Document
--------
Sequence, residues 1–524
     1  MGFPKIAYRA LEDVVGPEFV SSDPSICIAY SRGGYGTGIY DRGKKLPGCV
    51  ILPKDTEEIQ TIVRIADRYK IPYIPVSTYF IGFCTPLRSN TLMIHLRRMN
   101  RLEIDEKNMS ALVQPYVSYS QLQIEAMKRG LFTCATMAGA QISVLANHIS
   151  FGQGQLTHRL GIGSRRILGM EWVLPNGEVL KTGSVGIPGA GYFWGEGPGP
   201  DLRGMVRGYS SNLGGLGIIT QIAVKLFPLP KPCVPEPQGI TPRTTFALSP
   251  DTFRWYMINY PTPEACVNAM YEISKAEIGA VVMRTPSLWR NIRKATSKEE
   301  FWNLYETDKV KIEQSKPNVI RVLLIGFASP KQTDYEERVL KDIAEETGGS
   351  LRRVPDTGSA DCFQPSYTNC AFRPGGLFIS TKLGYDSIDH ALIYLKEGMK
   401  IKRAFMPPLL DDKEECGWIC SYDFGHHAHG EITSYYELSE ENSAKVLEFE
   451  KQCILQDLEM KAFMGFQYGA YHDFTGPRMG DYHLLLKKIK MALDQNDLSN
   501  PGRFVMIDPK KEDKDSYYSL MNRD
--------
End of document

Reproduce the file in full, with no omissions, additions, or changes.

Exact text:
Sequence, residues 1–524
     1  MGFPKIAYRA LEDVVGPEFV SSDPSICIAY SRGGYGTGIY DRGKKLPGCV
    51  ILPKDTEEIQ TIVRIADRYK IPYIPVSTYF IGFCTPLRSN TLMIHLRRMN
   101  RLEIDEKNMS ALVQPYVSYS QLQIEAMKRG LFTCATMAGA QISVLANHIS
   151  FGQGQLTHRL GIGSRRILGM EWVLPNGEVL KTGSVGIPGA GYFWGEGPGP
   201  DLRGMVRGYS SNLGGLGIIT QIAVKLFPLP KPCVPEPQGI TPRTTFALSP
   251  DTFRWYMINY PTPEACVNAM YEISKAEIGA VVMRTPSLWR NIRKATSKEE
   301  FWNLYETDKV KIEQSKPNVI RVLLIGFASP KQTDYEERVL KDIAEETGGS
   351  LRRVPDTGSA DCFQPSYTNC AFRPGGLFIS TKLGYDSIDH ALIYLKEGMK
   401  IKRAFMPPLL DDKEECGWIC SYDFGHHAHG EITSYYELSE ENSAKVLEFE
   451  KQCILQDLEM KAFMGFQYGA YHDFTGPRMG DYHLLLKKIK MALDQNDLSN
   501  PGRFVMIDPK KEDKDSYYSL MNRD